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Front Page » April 5, 2005 » Local News » Utah, 23 states report falling unemployment
Published 3,299 days ago

Utah, 23 states report falling unemployment


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Utah is among 25 states reporting significantly dropping unemployment rates between February 2004 and 2005.

Utah's unemployment rate dropped to 4.8 percent in February 2005 from 5.4 percent last year, comfirmed the latest data compiled by the United States Labor Department.

Only 12 states had unemployment rates decline by a larger margin.

Ending March 26, the four-week average of Utah unemployment insurance initial claims measured 1,150 - a 35 percent decrease from the last year's 1,760.

Weeks claimed numbered 12,980 a decrease of 2 5 percent compared to 17,200 last year.

In addition to decreasing unemployment, taxable sales at locations across the state soared 8.5 percent during the last quarter of 2004, indicated the latest Trendlines report published by the Utah Department or Workforce Services.

Utah officials welcomed the latest sales tax numbers as a sign the economy is on the upswing, noted the department of workforce services.

Addressing an urelated matter, the U.S. Census Bureau indicated that, with an average commute of 19.7 minutes, Utahns spend less time getting to work than the average American worker - 24.3 minutes.

At the national level, the U.S. Labor Department reported a net gain of 110,000 jobs to payrolls nationwide last month, down from the 243,000 added in February.

The nationwide unemployment rate fell to 5.2 percent compared with 5.4 percent in February.

Gross domestic product expanded at a 3.8 percent annual pace in fourth quarter, noted the U.S. Commerce Department in the federal agency's final estimate of GDP performance.

The incomes of Americans rose by 0.3 percent in February while consumer spending climbed at an even faster pace of 0.5 percent, the Commerce Department reported.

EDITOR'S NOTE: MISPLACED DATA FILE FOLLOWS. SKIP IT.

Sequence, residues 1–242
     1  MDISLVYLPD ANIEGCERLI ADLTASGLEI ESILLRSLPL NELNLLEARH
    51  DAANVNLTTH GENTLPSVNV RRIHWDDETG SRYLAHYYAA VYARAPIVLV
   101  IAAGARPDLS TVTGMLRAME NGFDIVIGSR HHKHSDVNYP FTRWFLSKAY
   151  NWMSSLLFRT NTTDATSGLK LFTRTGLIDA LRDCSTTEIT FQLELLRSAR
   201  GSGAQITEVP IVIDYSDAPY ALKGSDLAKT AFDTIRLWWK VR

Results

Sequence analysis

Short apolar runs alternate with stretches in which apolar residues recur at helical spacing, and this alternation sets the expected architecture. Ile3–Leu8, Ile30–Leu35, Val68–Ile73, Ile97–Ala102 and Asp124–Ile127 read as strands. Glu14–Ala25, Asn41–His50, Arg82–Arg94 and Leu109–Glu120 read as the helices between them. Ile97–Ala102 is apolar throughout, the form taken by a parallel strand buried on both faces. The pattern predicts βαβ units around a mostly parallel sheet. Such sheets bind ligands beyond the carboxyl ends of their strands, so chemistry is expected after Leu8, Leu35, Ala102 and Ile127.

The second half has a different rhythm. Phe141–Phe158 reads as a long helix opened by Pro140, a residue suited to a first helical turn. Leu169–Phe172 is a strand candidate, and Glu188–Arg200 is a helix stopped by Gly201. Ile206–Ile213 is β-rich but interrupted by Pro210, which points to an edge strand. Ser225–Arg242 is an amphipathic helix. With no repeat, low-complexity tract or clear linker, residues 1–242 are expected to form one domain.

The Institute of Supply Management's survey of purchasing managers came in with a reading of 55.2 in March, down slightly from the 55.3 level in February. Any reading above 50 indicates growth in the manufacturing sector.

New orders at U.S. factories rose by 0.2 percent in February, the Commerce Department reported, as strong demand for aircraft barely managed to offset weakness elsewhere.

The March survey of 5,000 households by Conference Board, a private business research group, put its consumer confidence index at 102.4, down from the revised 104.4 reading in February.

Retail gasoline prices climbed to a record national average of $2.153 a gallon in the latest week- up 4.4 cents, according to a weekly survey by the Energy Information Administration. The new price is 39.5 cents per gallon higher than one year ago.

First-time unemployment insurance claims rose to 350,000 in the week ended March 26, up from a revised 330,000 in the previous week, the Labor Department said.

The Conference Board said its gauge measuring help-wanted ad volume in the United States was 41, the same as January, but up a point from February 2004.

Sales fell 1.0 percent in the week ended March 26, compared with a 0.2 percent increase the previous week, the International Council of Shopping Centers and UBS said in a joint report. Sales in March-to-date were down 0.7 percent compared with February according to Redbook Research, but a year-over-year basis, sales at major retailers rose by 3.9 percent for the week ended March 26.


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